Approximately one-third of Ukraine’s population has been forced out of their homes since the Russian invasion in February, including more than 6.27 million internally displaced people, according to the International Organization for Migration. Disappeared with the war.
According to the United Nations refugee agency, the number of internally displaced people dwarfs 4.8 million Ukrainians who have fled to Europe as refugees, describing the level of unseen displacement since World War II.
Although large parts of the country were the victims of the brutality of the Russian invasion in its first weeks, most of the displaced in Ukraine are now coming from the east, as the region has become a center of conflict.
By train and bus, civilians have fled from cities and towns in eastern Ukraine, fleeing for relative safety to the western and northern capitals of Kiev. Some have left the humanitarian convoy, navigating treacherous roads under the threat of gunfire or shelling. Others have walked away, literally running for their lives.
And since Russian forces are now training their artillery in the eastern province of Donetsk, with the goal of occupying all the industrial Donbass territories, more and more people are being forced out of their homes every day. The head of the regional military government, Pavlo Kirilenko, said on Wednesday in a telegram social messaging app that five civilians had been killed in Donetsk in the past 24 hours in a shelling by Russian forces.
For several days, Mr. Kirilenko advised residents to leave the province, a sign that Ukrainian authorities believe the fighting will escalate further. Officials are hoping to avoid trying to move the neighboring province to a larger size, such as Luhansk, which has fallen into the hands of the Russians in recent days.
Only three million people have been officially registered as internally displaced, although the actual number is thought to be more than double that. Lack of international humanitarian assistance has further strained local resources.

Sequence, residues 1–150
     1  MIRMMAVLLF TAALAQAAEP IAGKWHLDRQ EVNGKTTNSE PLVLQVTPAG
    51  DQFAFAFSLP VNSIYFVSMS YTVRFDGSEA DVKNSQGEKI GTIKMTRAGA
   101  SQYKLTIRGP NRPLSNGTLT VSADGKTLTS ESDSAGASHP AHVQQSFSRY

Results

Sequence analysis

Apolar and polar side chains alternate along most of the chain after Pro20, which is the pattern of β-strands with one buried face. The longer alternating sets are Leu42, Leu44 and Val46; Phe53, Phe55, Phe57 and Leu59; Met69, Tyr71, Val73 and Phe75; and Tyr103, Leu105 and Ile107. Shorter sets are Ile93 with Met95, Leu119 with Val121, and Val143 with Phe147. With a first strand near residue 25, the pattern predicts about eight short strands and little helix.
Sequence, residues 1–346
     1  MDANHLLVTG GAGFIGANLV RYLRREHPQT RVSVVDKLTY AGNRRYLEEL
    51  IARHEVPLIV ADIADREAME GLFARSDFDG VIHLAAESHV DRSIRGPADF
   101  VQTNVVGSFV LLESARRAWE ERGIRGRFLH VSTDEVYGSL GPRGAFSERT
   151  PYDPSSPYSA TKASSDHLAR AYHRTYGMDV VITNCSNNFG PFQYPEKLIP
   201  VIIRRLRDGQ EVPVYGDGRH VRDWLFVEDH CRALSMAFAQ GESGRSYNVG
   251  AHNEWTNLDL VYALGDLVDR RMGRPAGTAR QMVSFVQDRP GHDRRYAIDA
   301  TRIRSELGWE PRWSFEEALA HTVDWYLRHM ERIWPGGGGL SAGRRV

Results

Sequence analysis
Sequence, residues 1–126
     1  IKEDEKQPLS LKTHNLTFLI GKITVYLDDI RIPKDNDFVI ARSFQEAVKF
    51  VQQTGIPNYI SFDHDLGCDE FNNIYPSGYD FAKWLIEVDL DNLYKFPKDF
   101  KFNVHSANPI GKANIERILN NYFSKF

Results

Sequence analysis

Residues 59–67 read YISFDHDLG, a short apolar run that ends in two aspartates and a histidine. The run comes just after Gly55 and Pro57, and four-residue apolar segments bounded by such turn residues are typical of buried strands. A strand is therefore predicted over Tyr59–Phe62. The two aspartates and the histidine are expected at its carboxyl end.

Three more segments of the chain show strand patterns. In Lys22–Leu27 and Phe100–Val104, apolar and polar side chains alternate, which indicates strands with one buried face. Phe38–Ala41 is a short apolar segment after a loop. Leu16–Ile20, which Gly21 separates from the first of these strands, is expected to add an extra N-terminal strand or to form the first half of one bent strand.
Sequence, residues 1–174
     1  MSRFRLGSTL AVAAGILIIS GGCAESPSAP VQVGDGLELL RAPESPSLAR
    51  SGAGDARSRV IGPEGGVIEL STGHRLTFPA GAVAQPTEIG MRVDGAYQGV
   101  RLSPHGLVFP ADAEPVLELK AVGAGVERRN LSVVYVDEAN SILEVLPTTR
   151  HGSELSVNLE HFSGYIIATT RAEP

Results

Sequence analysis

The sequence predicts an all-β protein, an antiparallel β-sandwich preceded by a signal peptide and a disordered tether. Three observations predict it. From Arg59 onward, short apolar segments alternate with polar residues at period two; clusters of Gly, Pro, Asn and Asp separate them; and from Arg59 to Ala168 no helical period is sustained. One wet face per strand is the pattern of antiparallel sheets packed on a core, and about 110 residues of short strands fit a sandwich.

“The state was not prepared for such a large number of displaced people in many areas,” Ukraine’s Deputy Minister of Social Policy Vitaly Muzichenko told a news conference this week, where he announced new plans to register displaced people for state benefits.
This massive displacement has reshaped communities across the country, even those who have survived the physical devastation of war. Shelters have been set up in public buildings, university dormitories have been converted and some modular homes have been set up to house the displaced.
According to UN experts, most internally displaced people, much like refugees, women and children, and many more lack food, water and basic necessities.
Oksana Zelinska, 40, who was the principal of a preschool in the southern city of Kherson, which is now occupied by Russian forces, fled to the western city of Uzhhorod in April with her two children, a colleague and the woman’s children. Slovakian border. Her husband is left behind in Kherson, and she wants to return, but she says she lives in the West for her children.
“When we got here, I needed to do something, it was tough and I didn’t want to sit around frustrated,” he said. “I wanted to be useful.”
She started volunteering in the community kitchen which she used when she first arrived, peeled the potatoes and made meals for dozens of people who join in for hot meals every day.
Helping the displaced return to their homes – or finding new ones – is one of Ukraine’s biggest challenges, whatever the outcome of the war. Some of their cities may not return to Ukrainian control. Recovering homes, water lines and other important infrastructure could be almost completely destroyed by the Russian army’s burnt soil strategy.